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Even without Alexander Radulov, the Montreal Canadiens are brimming with talent on the wings

A deep pool of forwards will help drive the the Canadiens towards another playoff run this year.

NHL: Montreal Canadiens at Detroit Red Wings Tom Szczerbowski-USA TODAY Sports

The preeminent concern for the Montreal Canadiens this off-season has been how the team plans to bolster an offence that sputtered to a first-round playoff exit. They lost a heart-and-soul player in Alexander Radulov to the Dallas Stars, and didn’t make a major splash in free agency.

Even with the loss of their dynamic Russian, there’s plenty of talent in the forward group that can kickstart the offence in the upcoming season.

There was some doubt about who was going to play centre in the upcoming year, but with Alex Galchenyuk re-signed for three years, the picture becomes more clear. If Galchenyuk is played down the middle the Habs benefit immediately, as Phillip Danault can slot into the second-line spot, and Tomas Plekanec can take more defensive minutes in a third-line role.

Galchenyuk has shown what he do when he’s at his best, and Danault had a breakout season last year. Those two should give Montreal a potent 1-2 punch in the top six.

As poor as Plekanec’s season was last year, there’s still hope that it was an aberration and the long-time Hab will rebound in the coming year. With Danault’s emergence, Plekanec can be eased out of a tougher deployment, and might do well on a line with Artturi Lehkonen and the newly acquired Ales Hemsky.

While Hemsky isn’t likely to repeat his 70-point form from his time in Edmonton, he brings a solid possession game and is good to chip in 12-15 goals a year when healthy. At a million dollars there is nothing to lose with giving him a shot to rebound after an injury-shortened season in Dallas.

On the fourth line there’s an abundance of options. Torrey Mitchell figures to be the mainstay in the middle, flanked by any combination of Peter Holland, Michael McCarron, Jacob de la Rose, Charles Hudon, and Daniel Carr. It’s a new-look fourth-line group, one loaded with skill and scoring talent that can exploit matchups against weaker competition.

Even if the centre group isn’t among the NHL’s elite, the Canadiens‘ have a strength on the wings that is among the league’s best. Max Pacioretty is a criminally underrated star in the NHL, scoring 30-plus goals every year, while also being an efficient defensive player. Brendan Gallagher and Andrew Shaw on the right wing can drive in hard to the net, create havoc and clean up loose pucks, or finish off passing plays from their teammates. Both Paul Byron and Lehkonen became breakout stars last year, with Byron lighting up opposing teams for 22 goals, and Lehkonen himself notching 18 despite missing some time with injuries in his rookie season.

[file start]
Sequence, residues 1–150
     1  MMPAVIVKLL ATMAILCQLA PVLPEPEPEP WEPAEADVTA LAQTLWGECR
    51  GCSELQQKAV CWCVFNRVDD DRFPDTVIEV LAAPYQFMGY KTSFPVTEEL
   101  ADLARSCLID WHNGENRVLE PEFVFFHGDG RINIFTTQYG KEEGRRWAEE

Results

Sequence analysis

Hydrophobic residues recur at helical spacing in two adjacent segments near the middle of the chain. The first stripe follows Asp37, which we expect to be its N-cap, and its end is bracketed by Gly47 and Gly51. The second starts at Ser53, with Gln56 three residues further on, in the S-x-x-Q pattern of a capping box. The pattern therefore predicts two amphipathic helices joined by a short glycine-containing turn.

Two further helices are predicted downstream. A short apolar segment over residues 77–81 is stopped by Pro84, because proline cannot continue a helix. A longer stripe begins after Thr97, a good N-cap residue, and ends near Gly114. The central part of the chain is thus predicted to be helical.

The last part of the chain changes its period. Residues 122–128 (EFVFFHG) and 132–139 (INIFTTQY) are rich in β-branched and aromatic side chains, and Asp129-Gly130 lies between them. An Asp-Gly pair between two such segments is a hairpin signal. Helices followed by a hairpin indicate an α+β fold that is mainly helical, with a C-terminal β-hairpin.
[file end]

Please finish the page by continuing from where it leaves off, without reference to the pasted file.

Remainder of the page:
All of that is without discussing the team’s top acquisition of the off-season: Jonathan Drouin, who signed a brand new six-year deal immediately upon his arrival. He is an elite-level playmaker, and while maybe not in the same mould as the departed Radulov, he can still leave your jaw on the floor. Just ask the Colorado Avalanche.

There’s a lot of skill and plenty of firepower in the Habs’ forward group; enough so that with a good deployment they can easily roll three scoring lines, and a fourth line that is big on skill. There are currently eight players who have crested the 20-goal plateau in their career, and a ninth looms in the form of Lehkonen who fell just short of the mark in his first year.

There’s obviously concern about removing a sparkplug like Radulov from the lineup. This is a new team however; Michel Therrien is not at the helm any more, and the offensive production won’t fall on to the shoulders of one or two players.

Realistically, if Claude Julien wanted to, he could have the luxury of running Paul Byron or Ales Hemsky on the fourth line with Charles Hudon on the opposite wing. Even with the Canadiens opting to stick to a more defensively oriented blue-line group, the team can still force play the other way. There are a lot of dynamic, speedy options in the forward group, and this team isn’t going to chip and chase when they can use their skill to carry the puck in and set up shop.

Losing Radulov is a bitter pill to swallow, but when you break it down the Habs still look to be doing pretty well. It’s a new day in Montreal, and one that should be filled with optimism for the team’s offensive skill. If the Habs are truly going for it, they’re doing well to set themselves up at for a deep run once more.